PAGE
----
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Winner of the Sunday Times British Homes Award for Best Affordable Housing Development, shortlisted in the 2017 RIBA Awards and described by the RIBA Journal as “hard working housing [that] renews the little corners of Cleverly’s courtyards”, this exemplary regeneration scheme transforms unsightly and dilapidated brownfield infill sites into affordable homes that enhance the Cleverly Estate Conservation Area.
Peabody was keen for this development of new social rent homes to set the standard for future infill developments emerging from its acclaimed design framework. The RIBA Journal considers the project to have achieved this, as do the estate’s residents, who have told us that the new buildings enhance the estate and have reduced antisocial behaviour in the area. They recently received a 100% approval rating from occupants.
Upon receiving the British Homes Award for 2017 Housebuilder of the Year, Peabody Chief Executive Brendan Sarsfield said: “Design excellence and building homes of the highest quality is at the heart of our work. We’re…very proud to see Cleverly recognised. To win Homebuilder of the Year acknowledges the collaboration and hard work of various colleagues and partners and we’re delighted with the result.”
Built in 1928 to a design by Victor Wilkins, Peabody's architect from 1910-1947, the grand and imposing Cleverly Estate was the first housing estate to feature private bathrooms. In 1991, the Cleverly Estate was designated a Conservation Area and its 18 original buildings added to a list of buildings of local merit. However, over the years, the grand courtyards became cluttered up with bungalows, garages and other outbuildings that deformed the estate’s original beauty.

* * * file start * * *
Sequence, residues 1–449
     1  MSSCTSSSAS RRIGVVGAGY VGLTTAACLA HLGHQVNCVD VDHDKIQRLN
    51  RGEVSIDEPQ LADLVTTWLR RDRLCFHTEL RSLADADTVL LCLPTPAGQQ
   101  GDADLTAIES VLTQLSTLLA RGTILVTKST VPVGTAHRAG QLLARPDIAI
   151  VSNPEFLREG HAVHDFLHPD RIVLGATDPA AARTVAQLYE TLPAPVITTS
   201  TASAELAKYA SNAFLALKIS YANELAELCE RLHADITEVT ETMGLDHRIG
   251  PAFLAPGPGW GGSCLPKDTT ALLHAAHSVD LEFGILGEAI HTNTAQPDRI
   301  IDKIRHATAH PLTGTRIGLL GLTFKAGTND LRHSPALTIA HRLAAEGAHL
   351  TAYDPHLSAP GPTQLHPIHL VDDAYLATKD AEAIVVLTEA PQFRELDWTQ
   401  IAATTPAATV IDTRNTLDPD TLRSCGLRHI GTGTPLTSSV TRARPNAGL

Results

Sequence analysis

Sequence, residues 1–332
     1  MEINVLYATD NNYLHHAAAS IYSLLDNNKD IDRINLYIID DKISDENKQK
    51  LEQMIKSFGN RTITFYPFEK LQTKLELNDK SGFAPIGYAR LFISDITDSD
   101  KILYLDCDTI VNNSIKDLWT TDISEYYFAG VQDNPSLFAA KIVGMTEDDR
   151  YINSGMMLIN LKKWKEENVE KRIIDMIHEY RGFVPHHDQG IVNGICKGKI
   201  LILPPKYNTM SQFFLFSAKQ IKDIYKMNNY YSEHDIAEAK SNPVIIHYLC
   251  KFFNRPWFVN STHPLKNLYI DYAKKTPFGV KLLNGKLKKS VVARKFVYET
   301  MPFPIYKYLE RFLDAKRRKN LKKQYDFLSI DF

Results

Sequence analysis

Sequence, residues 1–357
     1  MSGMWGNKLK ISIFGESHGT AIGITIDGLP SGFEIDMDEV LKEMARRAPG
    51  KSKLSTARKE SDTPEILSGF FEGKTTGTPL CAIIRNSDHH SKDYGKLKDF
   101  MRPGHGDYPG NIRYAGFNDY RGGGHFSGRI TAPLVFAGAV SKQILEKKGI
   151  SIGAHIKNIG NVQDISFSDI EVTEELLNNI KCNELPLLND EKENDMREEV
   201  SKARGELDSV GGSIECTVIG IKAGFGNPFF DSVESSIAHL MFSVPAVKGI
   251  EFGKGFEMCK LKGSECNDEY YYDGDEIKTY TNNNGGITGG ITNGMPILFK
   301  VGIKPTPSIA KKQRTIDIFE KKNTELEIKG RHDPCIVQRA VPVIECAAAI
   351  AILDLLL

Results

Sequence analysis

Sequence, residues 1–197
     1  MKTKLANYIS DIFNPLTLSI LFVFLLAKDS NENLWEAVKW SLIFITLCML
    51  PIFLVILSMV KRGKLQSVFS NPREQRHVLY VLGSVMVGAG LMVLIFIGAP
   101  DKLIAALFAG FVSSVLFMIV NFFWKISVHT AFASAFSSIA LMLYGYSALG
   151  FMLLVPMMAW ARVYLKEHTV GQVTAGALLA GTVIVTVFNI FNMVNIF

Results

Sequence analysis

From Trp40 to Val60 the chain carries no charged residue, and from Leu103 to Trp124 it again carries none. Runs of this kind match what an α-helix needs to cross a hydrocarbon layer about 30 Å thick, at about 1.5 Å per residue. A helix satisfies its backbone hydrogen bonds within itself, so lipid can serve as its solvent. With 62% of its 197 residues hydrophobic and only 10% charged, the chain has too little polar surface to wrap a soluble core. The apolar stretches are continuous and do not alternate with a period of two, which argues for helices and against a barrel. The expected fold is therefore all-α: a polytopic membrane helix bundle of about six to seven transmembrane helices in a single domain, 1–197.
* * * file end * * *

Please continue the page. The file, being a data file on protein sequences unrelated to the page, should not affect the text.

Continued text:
Our design carefully considers its context. The new terraced houses were positioned to create new, smaller, landscaped courtyards that feel intimate while staying faithful to the formality of the original design. With the original buildings’ architectural flourishes in mind, the design team gave great attention to key elements of the cottages, incorporating pre-cast white concrete surrounds to entrances and a projecting pre-cast string course, inspired by the original Portland stone. Hung tiles drape mansard-style from roof to facade, and red brick echoes the original masonry in both colour-depth and texture.
The scheme answers the needs of its occupants as well as the estate’s residents and housing association Peabody. These are rental properties, but a sense of ownership and individuality is encouraged with design interventions such as individually coloured front doors. Serving comfort and sustainability as well as the economic imperatives of social housing, triple-glazing and better-than-building-regulations specifications reduce running costs.
The homes were developed from a concept design by Stirling Prize-winners Haworth Tompkins. They feature habitable roof space, large dormer windows and recessed front porches. The scheme has achieved low embodied carbon and Code for Sustainable Homes Level 4. Materials were chosen for durability as well as to sit harmoniously with the vernacular of the existing estate.
We maximised the GDV by making use of the roof spaces as an additional ‘storey’, and undertaking detailed studies of light and views to minimise the impact on neighbouring properties. We made targeted inexpensive improvements to the existing courtyards, significantly improving the quality of the estate.
"LGA picked up this project on a very tight programme and worked closely with [the contractor] to deliver a high quality scheme."
— Ellie Probyn-Gibbs, Peabody